UK Supreme Court Rejects Gender Neutral Passports
The UK Supreme Court has unanimously dismissed an appeal to allow residents to have gender-neutral passports.
Christie Elan-Cane, who identifies as non-gendered and uses the pronouns per/per/perself, took the battle to the UK’s highest court after campaigning for more than 25 years to achieve legal recognition for people who identify as non-gendered.
The case marked the first-ever trans civil rights case to be heard by the UK’s highest court and argued that the passport application process which requires individuals to indicate their gender is unlawful, and that British passport holders should be able to use ‘X’ gender markers.
The court issued its judgement today, December 15, with Lord Reed saying the court had ‘unanimously dismissed’ Elan-Cane’s appeal.
Per the Metro, Reed said:
The form is concerned with the applicants’ gender as a biographical detail which can be used to confirm their identity by checking it against the birth, adoption or gender recognition certificates provided and other official records.
It is therefore the gender recognised for legal purposes and recorded in those documents which is relevant.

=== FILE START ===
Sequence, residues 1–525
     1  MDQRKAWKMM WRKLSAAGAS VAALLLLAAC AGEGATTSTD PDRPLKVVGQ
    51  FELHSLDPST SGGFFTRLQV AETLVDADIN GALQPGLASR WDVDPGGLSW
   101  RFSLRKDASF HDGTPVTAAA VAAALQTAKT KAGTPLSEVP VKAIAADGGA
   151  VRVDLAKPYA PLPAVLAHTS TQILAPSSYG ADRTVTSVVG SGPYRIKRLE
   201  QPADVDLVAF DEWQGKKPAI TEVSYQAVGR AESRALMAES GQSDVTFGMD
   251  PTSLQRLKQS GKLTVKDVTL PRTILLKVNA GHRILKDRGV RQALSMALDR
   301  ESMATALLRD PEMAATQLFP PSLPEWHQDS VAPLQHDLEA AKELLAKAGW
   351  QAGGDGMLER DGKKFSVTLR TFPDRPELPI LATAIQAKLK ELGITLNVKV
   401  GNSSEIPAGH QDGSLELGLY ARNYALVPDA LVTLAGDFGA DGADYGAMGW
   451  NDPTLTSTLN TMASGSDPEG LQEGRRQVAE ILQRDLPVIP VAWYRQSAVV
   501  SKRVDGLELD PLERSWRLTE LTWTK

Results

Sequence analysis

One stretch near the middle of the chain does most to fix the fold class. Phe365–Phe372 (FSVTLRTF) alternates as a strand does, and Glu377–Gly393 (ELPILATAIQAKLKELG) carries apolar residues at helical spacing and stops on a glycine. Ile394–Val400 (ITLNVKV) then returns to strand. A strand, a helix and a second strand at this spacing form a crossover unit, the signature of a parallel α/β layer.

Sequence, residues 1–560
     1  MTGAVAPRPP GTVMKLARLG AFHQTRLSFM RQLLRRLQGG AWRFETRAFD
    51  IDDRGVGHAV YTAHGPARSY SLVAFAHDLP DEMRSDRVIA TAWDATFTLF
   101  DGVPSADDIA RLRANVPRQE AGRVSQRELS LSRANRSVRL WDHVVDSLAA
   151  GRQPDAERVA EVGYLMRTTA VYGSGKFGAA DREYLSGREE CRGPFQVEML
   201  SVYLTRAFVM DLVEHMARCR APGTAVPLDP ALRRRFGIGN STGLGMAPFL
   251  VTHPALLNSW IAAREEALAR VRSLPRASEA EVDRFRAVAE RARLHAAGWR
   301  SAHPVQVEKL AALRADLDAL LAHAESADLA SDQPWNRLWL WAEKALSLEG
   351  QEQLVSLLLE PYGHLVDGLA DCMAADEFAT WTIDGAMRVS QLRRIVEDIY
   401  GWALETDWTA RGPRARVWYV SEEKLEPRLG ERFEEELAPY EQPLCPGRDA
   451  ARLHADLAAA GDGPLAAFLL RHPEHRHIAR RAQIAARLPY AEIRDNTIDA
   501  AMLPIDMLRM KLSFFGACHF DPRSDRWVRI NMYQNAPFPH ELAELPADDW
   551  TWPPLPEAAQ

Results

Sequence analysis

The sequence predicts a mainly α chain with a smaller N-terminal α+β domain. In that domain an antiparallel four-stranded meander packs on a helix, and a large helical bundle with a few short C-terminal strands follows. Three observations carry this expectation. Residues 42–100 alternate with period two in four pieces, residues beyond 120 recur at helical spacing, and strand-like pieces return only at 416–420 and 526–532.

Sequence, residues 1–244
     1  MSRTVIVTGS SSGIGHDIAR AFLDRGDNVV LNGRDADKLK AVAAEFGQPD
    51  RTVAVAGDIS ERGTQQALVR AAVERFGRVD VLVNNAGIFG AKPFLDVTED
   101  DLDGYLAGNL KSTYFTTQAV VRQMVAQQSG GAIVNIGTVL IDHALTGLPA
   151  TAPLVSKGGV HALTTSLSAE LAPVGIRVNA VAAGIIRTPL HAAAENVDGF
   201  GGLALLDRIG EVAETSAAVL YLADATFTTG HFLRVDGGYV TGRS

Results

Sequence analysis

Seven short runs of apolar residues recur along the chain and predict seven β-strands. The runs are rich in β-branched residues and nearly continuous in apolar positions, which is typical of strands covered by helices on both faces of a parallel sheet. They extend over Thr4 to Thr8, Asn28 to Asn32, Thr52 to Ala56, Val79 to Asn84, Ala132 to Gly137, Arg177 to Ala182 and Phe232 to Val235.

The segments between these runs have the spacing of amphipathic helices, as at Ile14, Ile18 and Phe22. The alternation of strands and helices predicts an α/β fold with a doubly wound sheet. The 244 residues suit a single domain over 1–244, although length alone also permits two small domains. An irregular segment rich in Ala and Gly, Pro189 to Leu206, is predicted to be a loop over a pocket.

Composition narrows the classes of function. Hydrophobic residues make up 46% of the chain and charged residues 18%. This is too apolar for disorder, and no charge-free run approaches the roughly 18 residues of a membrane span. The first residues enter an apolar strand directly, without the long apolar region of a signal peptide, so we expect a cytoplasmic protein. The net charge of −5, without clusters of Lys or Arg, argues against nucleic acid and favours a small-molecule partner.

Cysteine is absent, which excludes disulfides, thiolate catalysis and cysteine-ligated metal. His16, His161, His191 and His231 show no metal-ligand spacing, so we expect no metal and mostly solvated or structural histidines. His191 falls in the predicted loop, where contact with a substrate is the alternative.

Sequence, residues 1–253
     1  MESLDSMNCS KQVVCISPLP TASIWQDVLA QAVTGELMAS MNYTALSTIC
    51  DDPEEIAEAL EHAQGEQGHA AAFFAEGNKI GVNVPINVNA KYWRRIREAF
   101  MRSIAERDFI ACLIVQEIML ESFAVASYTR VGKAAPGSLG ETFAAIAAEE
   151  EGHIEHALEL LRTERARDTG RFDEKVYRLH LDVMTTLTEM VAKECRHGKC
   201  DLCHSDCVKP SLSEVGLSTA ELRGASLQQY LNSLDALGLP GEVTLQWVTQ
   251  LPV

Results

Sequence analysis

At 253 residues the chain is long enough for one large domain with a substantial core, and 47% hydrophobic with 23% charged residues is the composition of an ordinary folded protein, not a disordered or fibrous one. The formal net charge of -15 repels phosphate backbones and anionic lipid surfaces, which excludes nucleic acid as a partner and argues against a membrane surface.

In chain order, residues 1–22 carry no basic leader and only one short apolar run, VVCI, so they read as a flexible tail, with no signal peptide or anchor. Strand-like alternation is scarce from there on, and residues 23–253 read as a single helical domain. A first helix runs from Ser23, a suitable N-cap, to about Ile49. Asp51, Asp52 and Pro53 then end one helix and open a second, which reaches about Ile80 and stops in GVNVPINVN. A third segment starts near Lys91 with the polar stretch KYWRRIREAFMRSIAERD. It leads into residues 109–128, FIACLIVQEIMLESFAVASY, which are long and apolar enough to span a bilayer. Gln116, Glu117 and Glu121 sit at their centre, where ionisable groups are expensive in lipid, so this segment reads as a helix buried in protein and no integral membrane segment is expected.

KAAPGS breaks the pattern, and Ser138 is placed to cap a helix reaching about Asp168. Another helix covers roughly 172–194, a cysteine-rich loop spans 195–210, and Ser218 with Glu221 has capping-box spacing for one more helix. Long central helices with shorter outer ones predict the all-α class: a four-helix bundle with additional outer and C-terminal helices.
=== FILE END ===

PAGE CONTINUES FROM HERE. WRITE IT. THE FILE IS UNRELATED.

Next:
Reed explained the Supreme Court agreed with the government’s position that making ‘X’ markers available on passports would have ‘adverse implications for the security aspects for the use of passports’ and ‘result in substantial administrative costs’.
There are a number of countries which do allow an ‘X’ gender option in the passports, including Australia, Austria, Canada, Denmark, Germany, Iceland, India, Malta, The Netherlands, New Zealand, Nepal, Pakistan and Uruguay, according to Pink News.
Gender-neutral passports also comply with UN International Civil Aviation Organisation accepted standards for Machine Readable Travel Documents, and they are recognised by the UK when issued by another country.
Reed, who is the President of the Supreme Court, said Elan-Cane’s interest in being issued with an ‘X’ passport was ‘outweighed by the public interest’, including ‘maintaining a coherent approach across government and the legal system’ in relation to gender categories.
He continued: ‘There is no legislation in the United Kingdom which recognises a non-gendered category of individuals. On the contrary, legislation across the statute book assumes that all individuals can be categorised as belonging to one of two sexes or genders, terms which have been used interchangeably.’
Elan-Cane has argued that the refusal to include an ‘X’ gender marker is contradictory to per right to respect for private life, which is guaranteed by article eight of the European Convention on Human Rights.
The case, which was brought to the High Court in July 2021, was first heard by the High Court in 2018.
If you’ve been affected by any of these issues and want to speak to someone in confidence contact Mindline Trans+ on 0300 330 5468. The line is open 8pm–midnight Mondays and Fridays and is run by trans volunteers
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